Training Today: Righting Engagement Wrongs

The focus on increasing engagement needs to shift. Leaders need to build belief—belief in the organization’s future and belief in serving a purpose greater than only shareholder return.

By Sebastian Bailey, Ph.D., President, Mind Gym, Inc.

The evidence is clear:The way employees feel and how a company performs are inextricably linked. A large-scale study looking at the data from 199 separate research papers and using almost 1 million data points found that organizations in the top quartile for employee engagement enjoyed 12 percent higher customer satisfaction, 16 percent higher profitability, and 18 percent greater productivity, as well as lower attrition, absenteeism, and quality defects. But despite business leaders believing the case for employee engagement, the metrics suggest it is at an all-time low. The reason for this is that organizations try to increase engagement in the wrong ways, including:

The engagement survey becomes the key activity. All the effort goes into collecting data and then cascading the results and asking again for what should be done, rather than taking prompt action to tackle the root cause. “Nothing’s changed since the last survey” is a typical response and proof that this is prevalent. As one prescient HR manager commented, “You don’t fatten a pig by weighing it.”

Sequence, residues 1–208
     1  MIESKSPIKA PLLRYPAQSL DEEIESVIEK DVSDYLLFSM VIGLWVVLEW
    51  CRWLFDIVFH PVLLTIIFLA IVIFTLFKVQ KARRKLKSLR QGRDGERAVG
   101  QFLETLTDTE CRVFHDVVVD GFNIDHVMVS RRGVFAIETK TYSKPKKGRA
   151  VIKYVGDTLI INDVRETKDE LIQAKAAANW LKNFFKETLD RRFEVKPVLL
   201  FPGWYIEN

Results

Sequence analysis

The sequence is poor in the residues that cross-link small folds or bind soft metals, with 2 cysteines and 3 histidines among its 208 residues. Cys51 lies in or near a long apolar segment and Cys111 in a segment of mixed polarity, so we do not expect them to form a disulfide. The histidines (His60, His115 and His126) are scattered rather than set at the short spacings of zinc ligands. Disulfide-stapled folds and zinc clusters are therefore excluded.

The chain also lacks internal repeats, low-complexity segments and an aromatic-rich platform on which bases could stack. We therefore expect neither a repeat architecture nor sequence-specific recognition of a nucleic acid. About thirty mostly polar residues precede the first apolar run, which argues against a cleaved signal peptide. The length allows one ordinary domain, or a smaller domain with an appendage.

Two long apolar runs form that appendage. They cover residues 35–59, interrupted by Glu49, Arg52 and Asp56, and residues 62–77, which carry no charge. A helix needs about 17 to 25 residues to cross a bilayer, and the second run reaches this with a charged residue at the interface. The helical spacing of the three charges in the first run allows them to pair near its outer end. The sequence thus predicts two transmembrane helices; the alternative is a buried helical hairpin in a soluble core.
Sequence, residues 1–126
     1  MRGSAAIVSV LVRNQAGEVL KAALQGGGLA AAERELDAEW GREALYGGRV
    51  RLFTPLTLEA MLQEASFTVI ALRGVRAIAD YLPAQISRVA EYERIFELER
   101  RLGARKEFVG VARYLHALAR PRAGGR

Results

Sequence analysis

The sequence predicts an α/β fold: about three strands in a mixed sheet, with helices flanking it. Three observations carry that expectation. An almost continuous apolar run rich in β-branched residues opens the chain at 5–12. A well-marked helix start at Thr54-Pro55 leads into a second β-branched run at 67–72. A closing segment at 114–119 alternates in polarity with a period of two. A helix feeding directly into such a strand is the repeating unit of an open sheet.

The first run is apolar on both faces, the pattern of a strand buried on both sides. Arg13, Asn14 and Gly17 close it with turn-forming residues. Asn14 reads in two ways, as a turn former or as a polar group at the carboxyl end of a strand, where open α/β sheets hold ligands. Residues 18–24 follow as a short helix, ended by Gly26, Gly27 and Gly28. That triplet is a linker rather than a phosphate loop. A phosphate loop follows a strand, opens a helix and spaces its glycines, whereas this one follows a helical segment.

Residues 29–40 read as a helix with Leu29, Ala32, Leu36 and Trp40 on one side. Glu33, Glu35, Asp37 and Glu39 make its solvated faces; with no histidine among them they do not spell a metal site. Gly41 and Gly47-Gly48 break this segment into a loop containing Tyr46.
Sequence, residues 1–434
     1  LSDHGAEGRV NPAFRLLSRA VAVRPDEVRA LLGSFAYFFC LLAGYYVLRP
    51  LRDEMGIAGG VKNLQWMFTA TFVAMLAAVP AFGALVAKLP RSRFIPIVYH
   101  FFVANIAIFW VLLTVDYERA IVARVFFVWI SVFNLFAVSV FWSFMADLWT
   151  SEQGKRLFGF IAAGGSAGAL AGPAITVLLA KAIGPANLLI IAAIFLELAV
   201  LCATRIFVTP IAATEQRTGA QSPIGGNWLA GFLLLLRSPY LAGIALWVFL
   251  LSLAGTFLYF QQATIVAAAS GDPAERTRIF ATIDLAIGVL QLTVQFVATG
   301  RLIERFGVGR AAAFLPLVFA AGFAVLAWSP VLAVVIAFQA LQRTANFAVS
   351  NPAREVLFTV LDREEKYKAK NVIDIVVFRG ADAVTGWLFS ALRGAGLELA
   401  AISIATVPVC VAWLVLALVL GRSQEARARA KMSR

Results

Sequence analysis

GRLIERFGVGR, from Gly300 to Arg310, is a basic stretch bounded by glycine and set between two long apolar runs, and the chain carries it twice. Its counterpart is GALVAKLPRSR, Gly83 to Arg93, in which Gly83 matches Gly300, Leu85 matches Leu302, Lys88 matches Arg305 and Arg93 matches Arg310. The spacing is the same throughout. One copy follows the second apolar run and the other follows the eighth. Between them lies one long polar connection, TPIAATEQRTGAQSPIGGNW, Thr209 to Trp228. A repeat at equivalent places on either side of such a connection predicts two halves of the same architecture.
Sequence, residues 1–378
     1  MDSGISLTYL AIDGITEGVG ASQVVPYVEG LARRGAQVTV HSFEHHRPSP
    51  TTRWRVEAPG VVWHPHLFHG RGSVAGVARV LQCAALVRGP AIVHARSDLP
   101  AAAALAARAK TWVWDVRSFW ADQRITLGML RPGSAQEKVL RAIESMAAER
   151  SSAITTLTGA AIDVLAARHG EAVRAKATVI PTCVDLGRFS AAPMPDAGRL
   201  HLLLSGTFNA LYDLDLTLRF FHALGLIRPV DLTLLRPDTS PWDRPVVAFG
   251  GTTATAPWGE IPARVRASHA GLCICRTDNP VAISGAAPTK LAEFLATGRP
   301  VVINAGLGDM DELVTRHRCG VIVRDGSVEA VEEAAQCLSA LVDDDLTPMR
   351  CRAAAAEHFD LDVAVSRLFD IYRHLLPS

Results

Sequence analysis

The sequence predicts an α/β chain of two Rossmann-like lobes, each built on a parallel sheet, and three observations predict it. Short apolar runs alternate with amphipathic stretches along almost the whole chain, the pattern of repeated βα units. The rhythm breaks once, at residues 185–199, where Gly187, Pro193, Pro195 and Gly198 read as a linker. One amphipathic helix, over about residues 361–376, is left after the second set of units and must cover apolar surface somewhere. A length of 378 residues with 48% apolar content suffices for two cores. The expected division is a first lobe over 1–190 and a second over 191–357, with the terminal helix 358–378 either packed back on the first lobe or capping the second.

Leaders choose to make a few grand gestures and then are easily distracted. After big announcements and bold promises, momentum peters out when something more urgent, glamorous, or susceptible to quick wins comes along.

The challenge is delegated to HR. The “people” function is charged with fixing the engagement “problem.” But HR alone has little chance of turning the tide.

The focus on increasing engagement needs to shift. Leaders need to build belief—belief in the organization’s future and belief in serving a purpose greater than only shareholder return. This compelling corporate story needs to be told in an authentic, trustworthy, and transparent way that is relevant to individuals. Managers need to build trust through productive and appreciative performance conversations. Finally, individuals need to be allowed to develop dispositions of optimism, confidence, resilience, and competence.

With a focus on these things, not only will people come to work with a skip in their step, but they will stay longer, work harder, and be more vociferous ambassadors for the organization.

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